Italian singer Rita Monico is best known for the five singles she cut for the ARC label in the mid to late 1960s. She excelled at big, emotional numbers that wrung a tear from even the hardest of hearts. However, her career suffered from lacklustre promotion by her record company and sales proved slow.
Rita Monico was born in Milan in 1950. She took to singing from an early age, and at the age of just ten, she took part in her first talent contest, 1960’s Zecchino d’oro. She performed the song Giratondo dei nonni, which also gained a release on the Cricket label.
The record didn’t sell and the young singer was dismissed as a mere novelty act.
She took part in further events – including La maschera d’oro and La maschera d’argento – while she continued to hone her style.
By 1964, Rita was ready to launch herself again. Now aged 14, she signed up to the Fonola record label, which specialised in cut-price versions of hits of the day. There, she would cut a couple of songs that had been successes for Mina, È l’uomo per me and Città vuota. There was no great demand for covers of either song, and Rita’s 45 disappeared without trace.
A take on Gigliola Cinquetti’s Il primo bacio che darò fared no better later that year.
However, Rita’s time at Fonola led bosses at the ARC label, a subsidiary of RCA, to sit up and take notice of the singer. They offered her a contract – one that she didn’t hesitate in accepting.
She was whisked into the studio to cut her first record for the label. The result, issued in late 1964, was the pleasing Se tu non mi vuoi, with the even better Di sera on the flip. The latter was a cover of Elvis Presley’s It hurts me that showcased Rita’s emotional delivery to its best. However, the record company failed to promote the disc adequately, and Rita was lost among a host of bigger names on its roster, notably The Rokes.
Ennio Morricone was another artist in the ARC stable. When the composer needed a singer to provide the vocals for his title track of the comedy film Thrilling, it was to label mate Rita Monico he turned. Perhaps surprisingly, her recording was consigned to the B-side of a version of Jackie De Shannon’s What the world needs now is love, which became Quando tu vorrai. It proved a near-miss chart-wise – and matters were helped none by the release of a rival recording of the A-side by Madagascan six-some Les Surfs.
It took a full year for Rita to venture into the public eye again.
She was entered into the 1966 Cantagiro song festival, where she performed a highly credible version of The Shangri-Las’ Dressed in black, retited Non è mai tardi. Her recording of the girl group classic – again featuring musical support from Ennio Morricone’s orchestra – remains one of her finest. (The flip of the single was a confident take on Petula Clark’s Round every corner, Gocce di mare, gocce di sole.)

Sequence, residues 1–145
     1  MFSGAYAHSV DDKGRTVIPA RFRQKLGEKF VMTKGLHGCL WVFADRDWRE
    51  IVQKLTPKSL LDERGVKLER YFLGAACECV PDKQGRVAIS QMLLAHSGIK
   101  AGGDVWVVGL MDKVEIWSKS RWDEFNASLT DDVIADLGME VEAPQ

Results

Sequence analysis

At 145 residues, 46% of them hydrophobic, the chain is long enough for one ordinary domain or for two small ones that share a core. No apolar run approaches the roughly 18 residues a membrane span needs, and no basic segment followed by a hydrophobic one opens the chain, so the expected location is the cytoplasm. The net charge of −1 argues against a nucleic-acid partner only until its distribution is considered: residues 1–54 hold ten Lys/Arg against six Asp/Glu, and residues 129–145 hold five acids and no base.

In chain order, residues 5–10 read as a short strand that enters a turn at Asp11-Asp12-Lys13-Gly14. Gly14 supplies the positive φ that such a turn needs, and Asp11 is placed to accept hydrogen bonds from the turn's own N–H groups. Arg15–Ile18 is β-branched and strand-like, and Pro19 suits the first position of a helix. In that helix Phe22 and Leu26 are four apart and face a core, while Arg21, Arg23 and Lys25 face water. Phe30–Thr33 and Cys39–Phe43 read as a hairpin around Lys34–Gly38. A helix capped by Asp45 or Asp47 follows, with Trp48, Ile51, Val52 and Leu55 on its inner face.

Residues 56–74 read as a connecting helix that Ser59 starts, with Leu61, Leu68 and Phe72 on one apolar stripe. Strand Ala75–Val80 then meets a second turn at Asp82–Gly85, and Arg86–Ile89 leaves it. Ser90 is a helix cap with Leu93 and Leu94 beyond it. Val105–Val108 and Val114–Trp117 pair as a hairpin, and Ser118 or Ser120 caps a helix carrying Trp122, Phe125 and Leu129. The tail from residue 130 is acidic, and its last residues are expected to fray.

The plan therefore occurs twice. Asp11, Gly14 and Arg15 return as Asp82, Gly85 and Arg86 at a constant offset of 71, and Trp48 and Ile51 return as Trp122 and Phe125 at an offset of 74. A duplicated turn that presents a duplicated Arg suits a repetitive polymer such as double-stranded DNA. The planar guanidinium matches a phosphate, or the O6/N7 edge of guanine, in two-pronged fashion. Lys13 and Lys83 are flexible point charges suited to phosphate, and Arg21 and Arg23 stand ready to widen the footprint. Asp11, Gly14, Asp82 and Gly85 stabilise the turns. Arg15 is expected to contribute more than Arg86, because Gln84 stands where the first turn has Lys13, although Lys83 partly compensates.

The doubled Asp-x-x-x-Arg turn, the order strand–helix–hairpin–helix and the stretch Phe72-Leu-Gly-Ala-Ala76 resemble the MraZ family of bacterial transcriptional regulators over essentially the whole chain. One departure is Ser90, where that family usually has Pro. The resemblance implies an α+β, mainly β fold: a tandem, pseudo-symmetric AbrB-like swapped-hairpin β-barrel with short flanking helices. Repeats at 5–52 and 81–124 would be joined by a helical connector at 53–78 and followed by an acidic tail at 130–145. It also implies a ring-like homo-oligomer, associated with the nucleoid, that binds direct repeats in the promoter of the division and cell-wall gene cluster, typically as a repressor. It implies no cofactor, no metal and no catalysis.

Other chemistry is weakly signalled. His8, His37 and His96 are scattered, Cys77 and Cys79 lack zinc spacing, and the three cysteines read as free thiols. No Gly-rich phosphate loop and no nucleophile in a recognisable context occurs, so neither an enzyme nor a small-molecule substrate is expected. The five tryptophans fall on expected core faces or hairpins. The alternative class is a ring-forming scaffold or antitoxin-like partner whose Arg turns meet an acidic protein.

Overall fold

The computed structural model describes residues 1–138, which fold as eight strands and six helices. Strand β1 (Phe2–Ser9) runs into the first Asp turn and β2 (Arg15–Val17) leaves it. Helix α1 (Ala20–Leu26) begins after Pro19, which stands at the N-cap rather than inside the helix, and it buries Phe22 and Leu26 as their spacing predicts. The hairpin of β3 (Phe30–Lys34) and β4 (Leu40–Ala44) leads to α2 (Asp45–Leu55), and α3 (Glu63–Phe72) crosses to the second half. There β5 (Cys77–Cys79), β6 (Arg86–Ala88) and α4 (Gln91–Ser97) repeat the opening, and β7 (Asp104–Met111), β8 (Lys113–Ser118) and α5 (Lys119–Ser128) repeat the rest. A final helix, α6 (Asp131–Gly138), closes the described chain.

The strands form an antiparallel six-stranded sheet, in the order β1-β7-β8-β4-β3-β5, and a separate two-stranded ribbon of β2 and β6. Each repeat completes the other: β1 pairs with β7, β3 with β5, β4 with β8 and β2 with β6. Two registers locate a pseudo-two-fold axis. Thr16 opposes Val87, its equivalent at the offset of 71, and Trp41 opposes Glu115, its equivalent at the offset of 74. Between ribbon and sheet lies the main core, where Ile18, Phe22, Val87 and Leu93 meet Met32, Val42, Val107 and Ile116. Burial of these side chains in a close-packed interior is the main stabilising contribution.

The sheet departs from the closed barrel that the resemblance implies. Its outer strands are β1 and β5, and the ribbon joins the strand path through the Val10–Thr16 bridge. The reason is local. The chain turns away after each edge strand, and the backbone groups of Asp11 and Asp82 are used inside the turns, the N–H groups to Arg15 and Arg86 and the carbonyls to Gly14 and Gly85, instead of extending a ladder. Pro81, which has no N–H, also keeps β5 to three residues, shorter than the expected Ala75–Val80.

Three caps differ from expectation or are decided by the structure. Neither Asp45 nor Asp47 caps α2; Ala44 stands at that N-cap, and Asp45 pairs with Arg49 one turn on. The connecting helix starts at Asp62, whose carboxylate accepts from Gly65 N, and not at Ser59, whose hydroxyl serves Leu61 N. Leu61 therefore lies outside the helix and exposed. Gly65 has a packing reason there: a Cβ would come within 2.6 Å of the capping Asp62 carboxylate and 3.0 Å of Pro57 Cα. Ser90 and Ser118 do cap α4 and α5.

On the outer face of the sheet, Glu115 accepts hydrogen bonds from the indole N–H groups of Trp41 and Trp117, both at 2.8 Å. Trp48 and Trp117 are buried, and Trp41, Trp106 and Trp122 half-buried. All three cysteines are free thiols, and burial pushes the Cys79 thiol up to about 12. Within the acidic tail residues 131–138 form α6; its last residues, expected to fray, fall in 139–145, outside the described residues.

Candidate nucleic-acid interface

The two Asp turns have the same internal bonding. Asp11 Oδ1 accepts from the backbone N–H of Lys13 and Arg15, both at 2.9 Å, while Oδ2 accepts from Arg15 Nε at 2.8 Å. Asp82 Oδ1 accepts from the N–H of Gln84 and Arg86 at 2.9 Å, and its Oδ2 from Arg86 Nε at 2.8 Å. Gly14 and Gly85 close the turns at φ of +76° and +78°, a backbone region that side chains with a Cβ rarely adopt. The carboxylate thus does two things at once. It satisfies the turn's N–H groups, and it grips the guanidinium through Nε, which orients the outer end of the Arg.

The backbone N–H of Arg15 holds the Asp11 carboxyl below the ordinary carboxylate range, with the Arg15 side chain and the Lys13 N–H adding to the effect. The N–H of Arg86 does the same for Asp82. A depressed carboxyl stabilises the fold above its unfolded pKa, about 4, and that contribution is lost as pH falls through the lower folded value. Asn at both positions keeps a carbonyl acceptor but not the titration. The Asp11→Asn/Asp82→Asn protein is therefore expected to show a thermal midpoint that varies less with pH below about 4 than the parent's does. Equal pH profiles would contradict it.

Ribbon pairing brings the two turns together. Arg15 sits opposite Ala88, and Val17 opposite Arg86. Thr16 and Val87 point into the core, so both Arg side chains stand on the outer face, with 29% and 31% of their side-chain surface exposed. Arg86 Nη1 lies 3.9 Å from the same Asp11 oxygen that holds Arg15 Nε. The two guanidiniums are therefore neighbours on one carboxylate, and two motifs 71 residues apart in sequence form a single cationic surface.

ARC’s PR team moved into full promotional mode for the contest and the ensuing European tour, which saw Rita perform with stars such as Gigliola Cinquetti and Rita Pavone in Austria, Belgium, France, Germany, Monaco, the Netherlands, Spain and Switzerland.
A one-off release in Spain, Puede ser, failed to capitalise on the singer’s live appearance in Barcelona as part of the tour. (The B-side, Lo que me pasa a mi, was a version of The Ivy League’s Funny how love can be.)
At home, Rita’s forays into the recording studio slipped to mere annual events – and succeeded in little more than keeping the singer tied to the record label. With no tour to promote, ARC’s press office resumed its customary indifference to Rita.
After another year-long gap, Rita returned with Nata per amare te in 1967. However, the single is now better known for its B-side, Sere vuote, a version of Dusty Springfield’s All I see is you.
Tu perdi tempo became 1968’s sole 45 – and her last for the label.
She was snapped up by the smaller European United Record label. Bosses there entered her into the 1969 Disco per l’estate contest with the pleasant La pace nel cuore. However, despite the publicity afforded by her appearance, the single fared no better than her previous releases.
After one further 45, Quelli, issued later that year, the singer found herself without a contract.
She continued to perform live.
In 1975, the newly blonde Rita returned to the recording studios – this time signed to United Artists – to cut Sono mia, the theme to the TV show Pianeta donna.
It was the singer’s final release. What became of her remains unclear.
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